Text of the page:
Nurse reflects on her own loss to develop ‘bereavement bags’

The distinctive purple colour means teams teams will be able to instantly recognise that the person carrying the bag may be in need of extra care.

Clare Bodell
6 February 2020
Purple bag scheme

New ‘bereavement bags’ are now being rolled out across the hospital.

A senior sister from University Hospitals Plymouth NHS Trust has turned her own experience of grief into positive change for bereaved relatives.


As part of the Trust’s Innovation Programme, Ali and a team of innovators have worked together to improve the way personal belongings are returned to families after someone has passed away.

As a result, new ‘bereavement bags’ are being rolled out across the hospital and it is hoped other Trusts across the UK will follow suit.

The distinctive purple colour and design means hospital teams will be able to instantly recognise that the person carrying the bag may be in need of extra care.

Resembling gift bags, which have been chosen to represent gifting back personal belongings and the memories associated with them, the bags have a closing lid so that relatives can take out the contents at a time when they are ready.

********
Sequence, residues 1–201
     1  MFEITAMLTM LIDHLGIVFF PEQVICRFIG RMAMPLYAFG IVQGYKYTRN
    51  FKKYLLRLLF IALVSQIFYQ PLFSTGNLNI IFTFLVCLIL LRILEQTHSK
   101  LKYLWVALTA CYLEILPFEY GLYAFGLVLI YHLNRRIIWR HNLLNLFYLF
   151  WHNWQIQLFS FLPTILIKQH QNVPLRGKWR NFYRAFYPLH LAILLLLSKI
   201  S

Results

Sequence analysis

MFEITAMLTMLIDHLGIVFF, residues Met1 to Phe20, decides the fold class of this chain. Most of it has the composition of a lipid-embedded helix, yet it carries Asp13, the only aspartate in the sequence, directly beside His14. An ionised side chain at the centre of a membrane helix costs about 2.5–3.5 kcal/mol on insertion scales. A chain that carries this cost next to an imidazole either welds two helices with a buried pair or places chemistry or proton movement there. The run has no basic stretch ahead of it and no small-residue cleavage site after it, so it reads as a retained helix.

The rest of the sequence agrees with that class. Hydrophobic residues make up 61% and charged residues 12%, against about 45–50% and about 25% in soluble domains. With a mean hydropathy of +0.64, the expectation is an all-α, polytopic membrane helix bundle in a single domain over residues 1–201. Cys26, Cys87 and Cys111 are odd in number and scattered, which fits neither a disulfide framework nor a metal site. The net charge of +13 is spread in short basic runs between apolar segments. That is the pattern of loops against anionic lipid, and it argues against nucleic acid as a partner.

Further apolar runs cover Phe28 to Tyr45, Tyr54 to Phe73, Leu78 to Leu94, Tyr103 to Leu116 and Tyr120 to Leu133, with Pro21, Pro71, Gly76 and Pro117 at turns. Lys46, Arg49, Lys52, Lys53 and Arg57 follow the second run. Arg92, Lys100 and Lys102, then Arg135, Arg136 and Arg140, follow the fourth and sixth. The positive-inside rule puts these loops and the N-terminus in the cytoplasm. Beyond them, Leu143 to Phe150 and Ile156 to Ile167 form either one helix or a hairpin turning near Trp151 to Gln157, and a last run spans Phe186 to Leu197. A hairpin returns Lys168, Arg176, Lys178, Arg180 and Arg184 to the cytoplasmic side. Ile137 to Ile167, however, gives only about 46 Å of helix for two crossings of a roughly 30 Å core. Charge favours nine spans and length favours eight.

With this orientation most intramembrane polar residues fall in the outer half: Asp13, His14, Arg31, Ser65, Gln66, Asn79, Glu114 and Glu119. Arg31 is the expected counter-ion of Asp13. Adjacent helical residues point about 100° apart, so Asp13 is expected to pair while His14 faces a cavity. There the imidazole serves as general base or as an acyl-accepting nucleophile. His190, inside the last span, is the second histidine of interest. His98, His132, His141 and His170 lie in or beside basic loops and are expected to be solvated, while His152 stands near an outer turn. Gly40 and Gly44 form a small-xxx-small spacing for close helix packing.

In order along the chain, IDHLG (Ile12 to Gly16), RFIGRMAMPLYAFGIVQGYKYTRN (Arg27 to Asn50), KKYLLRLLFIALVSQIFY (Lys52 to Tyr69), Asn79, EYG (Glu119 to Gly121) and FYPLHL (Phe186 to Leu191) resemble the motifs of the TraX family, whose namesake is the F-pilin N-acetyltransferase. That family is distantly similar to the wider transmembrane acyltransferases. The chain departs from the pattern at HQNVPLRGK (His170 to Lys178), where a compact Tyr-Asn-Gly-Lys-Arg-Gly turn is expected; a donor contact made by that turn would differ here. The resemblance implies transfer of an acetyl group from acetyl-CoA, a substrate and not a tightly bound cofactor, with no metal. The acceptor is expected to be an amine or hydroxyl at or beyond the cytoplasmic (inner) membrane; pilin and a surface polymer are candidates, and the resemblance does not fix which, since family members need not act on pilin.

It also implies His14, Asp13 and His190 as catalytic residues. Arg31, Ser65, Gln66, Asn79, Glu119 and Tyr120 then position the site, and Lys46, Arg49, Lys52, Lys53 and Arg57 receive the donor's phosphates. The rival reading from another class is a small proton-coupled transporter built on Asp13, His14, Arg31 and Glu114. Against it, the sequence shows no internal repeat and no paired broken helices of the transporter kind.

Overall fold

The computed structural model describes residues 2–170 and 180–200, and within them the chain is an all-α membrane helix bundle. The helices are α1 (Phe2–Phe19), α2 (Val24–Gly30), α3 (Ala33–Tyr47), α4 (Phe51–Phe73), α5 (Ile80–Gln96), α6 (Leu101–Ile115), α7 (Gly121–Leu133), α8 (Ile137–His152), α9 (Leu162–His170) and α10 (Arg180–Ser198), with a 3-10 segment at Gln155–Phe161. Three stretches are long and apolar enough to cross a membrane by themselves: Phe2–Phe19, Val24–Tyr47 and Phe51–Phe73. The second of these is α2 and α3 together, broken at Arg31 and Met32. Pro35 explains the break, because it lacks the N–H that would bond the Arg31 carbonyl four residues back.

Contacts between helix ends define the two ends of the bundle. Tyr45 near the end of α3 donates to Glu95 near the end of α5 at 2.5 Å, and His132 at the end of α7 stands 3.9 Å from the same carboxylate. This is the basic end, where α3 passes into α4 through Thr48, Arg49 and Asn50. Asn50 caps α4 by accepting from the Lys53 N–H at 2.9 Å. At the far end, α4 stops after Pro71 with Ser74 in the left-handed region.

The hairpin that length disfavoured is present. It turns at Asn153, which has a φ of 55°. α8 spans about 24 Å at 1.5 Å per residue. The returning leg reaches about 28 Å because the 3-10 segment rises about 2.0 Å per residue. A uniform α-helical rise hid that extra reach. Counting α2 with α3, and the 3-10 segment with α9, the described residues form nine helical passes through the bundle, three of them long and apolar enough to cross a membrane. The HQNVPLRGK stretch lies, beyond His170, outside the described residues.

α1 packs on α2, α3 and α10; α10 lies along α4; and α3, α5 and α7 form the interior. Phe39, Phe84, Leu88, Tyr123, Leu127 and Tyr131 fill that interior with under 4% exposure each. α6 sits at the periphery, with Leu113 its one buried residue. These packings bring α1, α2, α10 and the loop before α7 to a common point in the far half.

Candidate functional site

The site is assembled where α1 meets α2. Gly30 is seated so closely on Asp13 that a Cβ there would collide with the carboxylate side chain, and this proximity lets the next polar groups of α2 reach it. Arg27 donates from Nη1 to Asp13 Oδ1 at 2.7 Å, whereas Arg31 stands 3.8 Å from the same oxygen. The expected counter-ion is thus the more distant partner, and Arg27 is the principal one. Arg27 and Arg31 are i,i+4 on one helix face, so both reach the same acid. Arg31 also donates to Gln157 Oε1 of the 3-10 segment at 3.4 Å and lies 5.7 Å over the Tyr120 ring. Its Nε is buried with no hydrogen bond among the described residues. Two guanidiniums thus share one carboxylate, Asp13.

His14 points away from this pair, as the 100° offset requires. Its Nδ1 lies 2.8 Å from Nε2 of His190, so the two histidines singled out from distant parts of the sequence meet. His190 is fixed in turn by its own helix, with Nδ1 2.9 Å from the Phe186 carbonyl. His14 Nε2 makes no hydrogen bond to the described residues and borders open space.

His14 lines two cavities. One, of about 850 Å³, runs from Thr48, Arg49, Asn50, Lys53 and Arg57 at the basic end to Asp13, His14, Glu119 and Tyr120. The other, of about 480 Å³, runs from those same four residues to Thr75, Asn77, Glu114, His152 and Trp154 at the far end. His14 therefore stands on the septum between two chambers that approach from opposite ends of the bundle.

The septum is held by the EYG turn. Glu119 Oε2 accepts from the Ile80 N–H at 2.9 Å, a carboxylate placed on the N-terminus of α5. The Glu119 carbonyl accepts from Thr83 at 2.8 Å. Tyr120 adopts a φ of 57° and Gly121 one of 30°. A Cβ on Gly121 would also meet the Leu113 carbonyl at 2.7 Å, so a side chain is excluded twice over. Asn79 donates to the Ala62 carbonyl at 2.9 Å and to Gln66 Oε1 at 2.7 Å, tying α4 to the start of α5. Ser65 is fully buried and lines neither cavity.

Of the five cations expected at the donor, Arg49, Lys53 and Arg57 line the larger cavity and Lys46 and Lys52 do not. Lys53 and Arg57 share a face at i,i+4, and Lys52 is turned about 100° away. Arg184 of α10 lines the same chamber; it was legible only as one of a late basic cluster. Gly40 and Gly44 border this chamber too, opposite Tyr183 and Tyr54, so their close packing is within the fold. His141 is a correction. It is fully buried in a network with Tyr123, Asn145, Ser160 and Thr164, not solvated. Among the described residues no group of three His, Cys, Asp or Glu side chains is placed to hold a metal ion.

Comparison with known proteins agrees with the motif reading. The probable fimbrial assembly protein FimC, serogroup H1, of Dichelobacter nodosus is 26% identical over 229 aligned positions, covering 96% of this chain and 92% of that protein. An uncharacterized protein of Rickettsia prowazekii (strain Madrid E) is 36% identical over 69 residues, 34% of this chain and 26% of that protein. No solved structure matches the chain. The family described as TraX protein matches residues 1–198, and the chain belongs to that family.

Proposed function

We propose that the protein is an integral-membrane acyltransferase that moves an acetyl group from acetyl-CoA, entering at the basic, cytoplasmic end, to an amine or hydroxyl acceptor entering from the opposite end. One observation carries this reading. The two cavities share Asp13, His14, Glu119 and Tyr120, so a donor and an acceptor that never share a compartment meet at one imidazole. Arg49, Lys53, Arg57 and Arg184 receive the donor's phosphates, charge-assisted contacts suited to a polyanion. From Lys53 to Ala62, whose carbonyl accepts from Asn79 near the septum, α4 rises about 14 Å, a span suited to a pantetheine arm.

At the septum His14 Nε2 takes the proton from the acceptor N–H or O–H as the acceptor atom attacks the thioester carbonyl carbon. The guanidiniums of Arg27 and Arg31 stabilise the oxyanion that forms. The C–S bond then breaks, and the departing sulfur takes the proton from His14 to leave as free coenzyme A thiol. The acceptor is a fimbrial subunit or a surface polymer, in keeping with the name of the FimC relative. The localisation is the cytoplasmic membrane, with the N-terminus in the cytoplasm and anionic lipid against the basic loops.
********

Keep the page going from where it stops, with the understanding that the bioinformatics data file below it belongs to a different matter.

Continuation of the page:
A carrier bag is not representative of care.

Ali said: “This idea was born out of my personal experience of collecting my Mum’s belongings. She died very suddenly and unexpectedly under catastrophic circumstances.

“Her things, including her dressing gown and hairbrush, were presented to me in a carrier bag. When I saw the contents and her hair on the brush, I was overwhelmed. I collapsed in a heap of sadness, and it took me a long time to get past that moment in my own grief journey.

Emphasising; “It didn’t feel like a carrier bag was representative of the care and compassion that we give to families here at the Trust.

“It’s now been 10 years since Mum passed away and the sadness and devastation that we felt as a family. Being able to change the way that belongings are handed over, in a more respectful and caring way, means that potentially tens of thousands of other families – during a really difficult time of losing somebody so beloved to them – may have that moment made a little bit easier.”


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